Mobile Installation of the Icom IC-7100

I’ve had a lot of fun over the last week installing my new Icom IC-7100 in my 2008 Chrysler Aspen SUV.  This new radio from Icom is a great mobile rig, but offers some unique mounting challenges.  After completing my installation for D-Star, VHF, UHF and HF mobile operation of the 7100, I thought I would share my experiences in completing this project.

The 7100 Mounted in the Console of a 2008 Chrysler Aspen

The 7100 Mounted in the Console of a 2008 Chrysler Aspen


Prior to the 7100, I used an Icom 2820 for mobile D-Star, VHF and UHF and a Yaesu 857D for mobile HF. With these two radios, I used the Comet SBB7 dual band antenna with the Diamond K9000 motorized mount (VHF, UHF, D-Star) and the Little Tarheel II antenna (HF).  The 7100 has replaced both of these radios, but the antennas remain and work very well with the new rig.

So, where did I start?   I decided to begin with the most challenging part of the installation – the 7100’s control head.  This control head is unique in that it is sloped, large and heavier than any mobile control head I have ever installed in a vehicle.  My old control heads (857D and 2820) were mounted up high on the face of the dashboard by the air vent, but I quickly realized that the 7100 could not be mounted in this configuration.

7100 control head mounted in the center console.

7100 control head mounted in the center console.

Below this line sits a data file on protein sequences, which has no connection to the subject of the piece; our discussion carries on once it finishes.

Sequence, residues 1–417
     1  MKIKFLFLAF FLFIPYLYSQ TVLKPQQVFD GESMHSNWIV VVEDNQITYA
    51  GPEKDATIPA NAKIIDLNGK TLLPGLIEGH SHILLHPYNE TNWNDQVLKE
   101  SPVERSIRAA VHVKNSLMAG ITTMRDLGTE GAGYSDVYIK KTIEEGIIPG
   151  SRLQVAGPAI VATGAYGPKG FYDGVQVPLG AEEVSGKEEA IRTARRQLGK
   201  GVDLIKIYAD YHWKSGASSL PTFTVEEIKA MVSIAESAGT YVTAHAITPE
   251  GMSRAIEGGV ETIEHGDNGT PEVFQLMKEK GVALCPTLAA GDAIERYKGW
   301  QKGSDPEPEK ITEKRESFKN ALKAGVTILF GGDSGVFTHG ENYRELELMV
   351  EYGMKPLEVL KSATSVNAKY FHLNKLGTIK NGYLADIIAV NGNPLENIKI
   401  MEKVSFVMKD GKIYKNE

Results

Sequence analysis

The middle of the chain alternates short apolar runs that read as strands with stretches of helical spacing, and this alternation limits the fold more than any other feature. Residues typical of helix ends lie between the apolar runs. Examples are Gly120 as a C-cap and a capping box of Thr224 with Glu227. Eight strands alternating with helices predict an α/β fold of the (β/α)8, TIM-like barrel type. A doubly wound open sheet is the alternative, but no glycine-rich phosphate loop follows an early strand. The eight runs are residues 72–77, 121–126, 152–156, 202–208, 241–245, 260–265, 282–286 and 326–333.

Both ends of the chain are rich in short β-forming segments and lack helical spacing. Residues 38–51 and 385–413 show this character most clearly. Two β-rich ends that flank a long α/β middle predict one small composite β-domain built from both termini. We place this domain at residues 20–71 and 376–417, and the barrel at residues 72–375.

Fortunately, I had a compartment in the console in my SUV that was not being used (well, it was a great junk collector), so I decided to see if I could mount the control head at this location.  The dilemma was that while the unit would fit inside the compartment, in this configuration it would be inaccessible for touch screen control or the pressing of buttons.

After giving this some thought and carefully looking at the mounting options for this control head, I realized that the device had a standard ¼ inch thread at the bottom.  This is the same size and type of thread that you would find on most cameras that can be tripod mounted.  Sure enough, a ¼ inch lag bolt I had on the workbench fit this thread perfectly.

Front view of Plexiglas mounting platform for 7100 control head.

Front view of Plexiglas mounting platform for 7100 control head.

Although I found that the control head had a standard ¼ inch thread, this still did not provide me with a clear mounting option in my vehicle’s console compartment.  The answer presented itself in the form of a spare piece of black Plexiglas I had in the garage.  I decided that if I could cut the Plexiglas to form fit the opening of the console compartment; I could mount the control head to the Plexiglas to fit on the console.

Bottom view of Plexiglas mounting platform for 7100 control head.

Bottom view of Plexiglas mounting platform for 7100 control head.

So, I cut the Plexiglas with a table saw to tightly fit in the opening, made a few clear Plexiglas spacers and mounted the control head to this assembly with the ¼ inch lag bolt.  I then fit the whole thing into the compartment opening and it fit like a glove!  The control head does not move at all when I’m driving, even on bumpy roads!